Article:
On Blogging, Summer 2017 Edition

This is the post in which I attempt to get myself back together.

Yeah, it's been a rough year. Junior year was nowhere near nice to me, and family issues coupled with a lot of my own insecurity made getting nearly anything done impossible. The past six months have been so full of failures, disappointments, general let-downs, and harsh realities. I stopped focusing on enrichment and started focusing on getting enough sleep.

In that time spent getting used to being down in the dumps all the time, I found my voice fading. I didn't journal anymore. The creative writing that I'd pored over for years and years, as some of you old-timers may remember? I can't even hold a pen to a page for more than a memo, and trust me, I've tried. My English grades flew out the window because I stopped producing content. Even my emails and descriptive text messages became short and brief.

Every day I would think about my website. My silly, silly website, the place where I made my first long-term friends, the way I'd first reached out to the world. I told myself when I was eleven and starting it that it would help me get into college. Now, I'm filling out the Common Application to Carnegie Mellon University. My field of interest? Well, for now, Computational Biology. Funny how things change. I thought I was going to be a journalist, and now I can't see myself writing more than a few sentences when I absolutely need to.

So how did these few paragraphs come to life? I forced myself. As I got writing, I realized why I couldn't write. It was because I could, but every voice, every instinct in me said that I couldn't. That I wasn't worth hearing. I've spent the past six months being silenced, being told I was wrong or that I had a lot to learn. So eventually, I stopped speaking out. I stopped feeling the need to tell the world what was going on. I felt inadequate, whether that was in class, in my engineering design, and especially when I write about games. I'm not any good at games. I get told that over and over again. I can hardly play anything multiplayer because I don't want to show how long it takes for me to get used to controls. I have a copy of Doom waiting for me. My best friend bought it for me and I should play it. But, I can't bring myself to open it up. I just know I'll suck and get frustrated.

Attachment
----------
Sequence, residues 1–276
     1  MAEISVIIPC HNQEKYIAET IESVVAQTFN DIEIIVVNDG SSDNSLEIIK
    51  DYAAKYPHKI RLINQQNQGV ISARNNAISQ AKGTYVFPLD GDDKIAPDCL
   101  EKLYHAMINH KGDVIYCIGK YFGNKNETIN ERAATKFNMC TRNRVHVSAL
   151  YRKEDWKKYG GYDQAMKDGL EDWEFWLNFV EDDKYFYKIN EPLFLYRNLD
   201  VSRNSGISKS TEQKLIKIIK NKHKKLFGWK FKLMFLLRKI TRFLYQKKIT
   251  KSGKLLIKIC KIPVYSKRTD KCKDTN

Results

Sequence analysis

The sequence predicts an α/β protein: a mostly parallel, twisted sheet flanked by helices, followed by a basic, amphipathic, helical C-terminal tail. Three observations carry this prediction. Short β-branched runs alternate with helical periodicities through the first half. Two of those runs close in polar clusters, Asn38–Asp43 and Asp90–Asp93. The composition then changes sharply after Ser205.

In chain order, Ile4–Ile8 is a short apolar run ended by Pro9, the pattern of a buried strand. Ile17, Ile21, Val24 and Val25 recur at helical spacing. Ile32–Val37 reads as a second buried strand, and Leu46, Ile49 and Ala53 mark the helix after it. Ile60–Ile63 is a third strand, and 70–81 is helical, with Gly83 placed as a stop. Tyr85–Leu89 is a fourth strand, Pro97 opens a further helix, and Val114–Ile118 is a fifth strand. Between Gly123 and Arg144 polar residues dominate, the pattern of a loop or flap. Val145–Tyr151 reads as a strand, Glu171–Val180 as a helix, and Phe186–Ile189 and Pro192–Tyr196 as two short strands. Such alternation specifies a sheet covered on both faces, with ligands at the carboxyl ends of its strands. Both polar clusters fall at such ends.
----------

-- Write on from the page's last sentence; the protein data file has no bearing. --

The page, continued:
I know it's all supposed to be a learning curve. I know I'm supposed to start off bad and get better, or that the game is supposed to also know that, but then how in the name of all that is playable am I supposed to write about a game that I can't even play? It has been nearly six years of Soultamer Gaming, and I'm no good at any of the titles I've touched. So many times throughout this whole process have I considered just dropping it all. Why would anyone want to read what I have to put out? The thing is, I still don't know why. My only readers are people who know me personally, who want to read what I have to put out because I  put it out, not because of what's in it. I can't trust myself anymore to write about games when I'm not even capable enough to play them well enough for a review.

But here I am, right? Here I am. Still writing after six years of suck. As my pageviews dwindle and look back on years where I got thousands of views, dozens of comments...interviews, invitations... I was so happy then. I wish I could feel that again. Things have gone pretty much downhill since I left the 101 community to start Soultamer Gaming formal, and while I have more liberation, maybe it wasn't the smartest idea for me as an entrepreneur. I could have become an Official Fansite, had something to really put on my Common App. But here I am, talking to the wall that I built myself, one of prestige that I don't imagine I'll reach again. 

I have lots of content to put out. I have two or three finished posts sitting in the drafts. But I don't trust myself to put them out. Why should I put myself on a pedestal that I don't even mildly deserve to be on?


  1. Ups and downs, ebbs and flows happen as we go through this life. Write about you, and whatever is making you passionate right now. Even if you don't think you're good at it. I bet you're better than you think. 46 years old and I still suffer from Imposter Syndrome all the time, despite evidence to the contrary. You are smart and talented!

  2. Watch some Twitch streams. There are people out there making a living from being noobs at all kinds of games. Newbies can pull eyeballs and attention just as well as competitive experts, and so can the average Joe or Jane if they find their own voice and niche. So don't worry about it, just keep writing. Just take it "Bird by bird," as Anne Lamott would say.

  3. Boring advice, I know, but write for yourself. Page views come and go but what you write stays. That has value.

    As for having to be good at games to write about them - if that logic held true there'd be next to no-one writing about film, music, art... All you need is to have something to say about the games you play and all that needs to be is how you felt while you were playing them, what they made you think, what you noticed.

    You should keep getting enough sleep though - that's a good thing!

  4. Your style is really unique in comparison to other people I have
    read stuff from. I appreciate you for posting when you have the
    opportunity, Guess I'll just book mark this blog.


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